Point & Click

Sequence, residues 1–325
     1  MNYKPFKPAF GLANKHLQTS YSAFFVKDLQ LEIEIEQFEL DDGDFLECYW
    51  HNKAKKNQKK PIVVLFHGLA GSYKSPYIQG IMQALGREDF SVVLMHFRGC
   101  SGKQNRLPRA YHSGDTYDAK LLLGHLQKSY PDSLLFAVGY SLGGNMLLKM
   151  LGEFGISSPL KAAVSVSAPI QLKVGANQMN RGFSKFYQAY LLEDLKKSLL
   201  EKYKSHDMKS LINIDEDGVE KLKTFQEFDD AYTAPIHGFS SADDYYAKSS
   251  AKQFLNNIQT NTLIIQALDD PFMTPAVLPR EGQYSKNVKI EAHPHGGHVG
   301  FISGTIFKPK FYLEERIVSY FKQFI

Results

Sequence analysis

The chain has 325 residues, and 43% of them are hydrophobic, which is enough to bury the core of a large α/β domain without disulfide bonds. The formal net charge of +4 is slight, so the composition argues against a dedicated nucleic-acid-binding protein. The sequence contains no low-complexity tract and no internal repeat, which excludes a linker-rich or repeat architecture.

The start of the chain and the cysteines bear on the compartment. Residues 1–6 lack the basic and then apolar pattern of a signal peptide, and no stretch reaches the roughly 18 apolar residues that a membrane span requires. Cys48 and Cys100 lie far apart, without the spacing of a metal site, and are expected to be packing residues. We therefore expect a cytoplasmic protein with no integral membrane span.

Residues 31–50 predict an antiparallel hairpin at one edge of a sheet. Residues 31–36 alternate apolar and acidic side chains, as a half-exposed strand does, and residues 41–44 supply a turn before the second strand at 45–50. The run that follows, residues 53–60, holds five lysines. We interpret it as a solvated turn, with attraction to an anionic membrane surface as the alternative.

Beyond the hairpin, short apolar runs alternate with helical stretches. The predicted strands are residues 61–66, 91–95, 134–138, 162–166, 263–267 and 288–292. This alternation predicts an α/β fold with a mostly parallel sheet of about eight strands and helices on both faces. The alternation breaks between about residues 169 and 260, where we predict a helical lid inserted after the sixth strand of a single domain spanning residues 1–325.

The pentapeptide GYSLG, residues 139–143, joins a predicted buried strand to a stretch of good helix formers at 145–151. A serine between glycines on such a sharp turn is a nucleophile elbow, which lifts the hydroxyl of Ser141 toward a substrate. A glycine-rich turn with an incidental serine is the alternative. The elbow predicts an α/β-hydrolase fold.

When George Janssen, his family and their black Lab Eli evacuated their Memphis Street house in New Orleans before Hurricane Katrina hit, they left most of their possessions and their 15-year-old cat, Goose. The Janssens were used to bad storms, and they thought this one would be like many of the others they had experienced. Theyd pack up, evacuate and come back home a couple days later to find some downed trees and maybe a broken window or two, but not much else.Just in case things got out of hand, though, George decided to store his canoe in his living room. He didnt want it to blow away or get damaged outside while he was gone. With the storm on its way, and Goose AWOL, the Janssens regrettably got in one of their vehicles and left. They had to get out. The storm was coming. And Goose was nowhere to be found. Of course, we all know what happened next, and it happened hard to the Janssens. Their house in New Orleans Lakeview neighborhood was decimated by Katrina. The water line on the house was nearly to the top of the first floor ceiling. A giant pine tree had crashed into the house during the storm, crushing the second story. As soon as the storm passed, George headed back home. He borrowed a friends boat and took it across Lake Pontchartrain, and then weaved in and out of the water-filled streets of his neighborhood filled with an acrid, foul-smelling stench. He needed to find Goose. He didnt think hed find her alive.Somehow, he made his way into his destroyed house, heartbroken. But there, sitting in the canoe and meowing up a storm, was Goose. George said the cat sprung from the canoe into his arms in one flying leap. My husband Erik spent three weeks in the New Orleans area rescuing dogs and cats just because he knows what its like to love another creature. I spent the last week with him in New Orleans. We found Eli, George Janssens black Lab, after the dog escaped from a friends house and got hit by a car (but thats a whole other story). When we reunited George and Eli, this big, warm Southern gentleman cried. And then he told us the story of Goose. George Janssen is just one man affected by Hurricane Katrina. There are thousands and thousands more families, each with their own stories, their own loss, and their own joy. Ive taken plenty of exotic vacations in my life, but my trip to New Orleans was the most significant adventure of my life. Carrie Click is the editor and general manager of The Citizen Telegram in Rifle. If youre interested in helping with rescued Katrina animals, go to http://www.petfinder.com.
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